Ricker discovered a century-old steel mill that was perfect for the recording studio because of its sparse rooms, original brickwork, and faded wood plank walls. “There was a certain amount of texture within that building,” says the two-time Emmy-nominated designer, “and it was designed with the intention that the studio owners had placed it in the corner of the factory.” The oppressive sets feature an elevated glass booth where the white studio owners look down on the Black recording artists, creating a metaphor that the white people were “overseers.”
No stranger to designing period musical biopics, Ricker previously worked with Boseman when the actor, who passed away in 2020 after a secret battle with cancer, played James Brown in Get On Up. Ricker felt the period-appropriate recording equipment were especially important props. “It is like a character in the film and I wanted to get it right,” he says. He and set decorator Diana Stoughton tracked down someone to create the functioning recording equipment and then soundproof the walls with old upholstery padded with horsehair and heavy curtains. They even brought in original Ma Rainey recordings and played them on the set for ambiance.
A Victorian-style chair with mauve velvet, a tripod-base table, a white bubble-glass lamp, a tabletop fan, and a piano are the sole furnishings. “The chair wasn’t scripted, but we wanted Ma to have a place to sit in the factory, as her throne. The chair just sort of showed up one day, we placed it in the middle of the room, and it was just perfection. It became the perfect chair for her,” Ricker says. For the studio’s color palette, the designer used ochre, green, and wood tones that would contrast with the jewel tones of the costumes worn by Ma and her girlfriend Dussie Mae (played by Taylour Paige).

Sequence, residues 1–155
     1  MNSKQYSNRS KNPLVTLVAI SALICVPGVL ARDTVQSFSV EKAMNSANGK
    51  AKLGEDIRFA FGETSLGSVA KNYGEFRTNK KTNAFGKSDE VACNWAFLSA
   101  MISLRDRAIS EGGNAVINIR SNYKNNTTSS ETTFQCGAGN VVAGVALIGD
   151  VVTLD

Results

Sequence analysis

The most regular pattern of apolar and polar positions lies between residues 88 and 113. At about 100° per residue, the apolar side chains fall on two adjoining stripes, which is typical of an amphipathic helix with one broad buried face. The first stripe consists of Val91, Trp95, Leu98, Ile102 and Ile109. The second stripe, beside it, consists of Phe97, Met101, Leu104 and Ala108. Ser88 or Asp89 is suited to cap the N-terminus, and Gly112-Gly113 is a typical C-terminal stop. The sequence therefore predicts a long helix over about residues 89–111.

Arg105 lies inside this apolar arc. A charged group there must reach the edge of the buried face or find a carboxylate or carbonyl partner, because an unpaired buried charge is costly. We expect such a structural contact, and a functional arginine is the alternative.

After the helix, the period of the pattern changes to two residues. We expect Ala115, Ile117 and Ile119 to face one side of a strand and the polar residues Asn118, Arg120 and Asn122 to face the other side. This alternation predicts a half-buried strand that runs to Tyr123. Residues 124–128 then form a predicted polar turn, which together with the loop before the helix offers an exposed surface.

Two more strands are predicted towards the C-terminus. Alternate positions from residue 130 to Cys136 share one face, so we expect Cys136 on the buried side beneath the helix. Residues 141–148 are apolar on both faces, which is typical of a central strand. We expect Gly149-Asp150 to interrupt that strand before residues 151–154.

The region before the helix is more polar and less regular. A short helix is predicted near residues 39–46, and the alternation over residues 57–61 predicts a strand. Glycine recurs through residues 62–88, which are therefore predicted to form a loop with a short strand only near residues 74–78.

Outside the factory, creating the streets of Chicago involved designing two blocks of storefronts, billboards, and awnings, and using visual effects to help conjure a streetscape that includes everything from South Halsted Street to a Rexall drugstore and the aptly named Hot Rhythm Recording Studio. Accuracy was key, as Ricker notes: “I looked at a lot of maps of Chicago to try and figure out where the streets would have gone and what was the industrial neighborhood because we really wanted the signage to have the right kind of addresses.”[#externallink: /externallinks/5d7675af6c05d1000ae1dfc8]|||Discover AD PRO|||
While this is an adaptation, the production design has the intimate feel of a play and creates an authentic environment for the characters. “As for minimalism, you can still do good work, but the focus is in a different way that is limited and it can be more difficult,” Ricker says. “I had to really be on my game and make the sets as interesting as possible by finding shapes, lines, and textures. George [Wolfe, the film’s director] would always remind me, ‘Never forget: The actors hold the attention.’”
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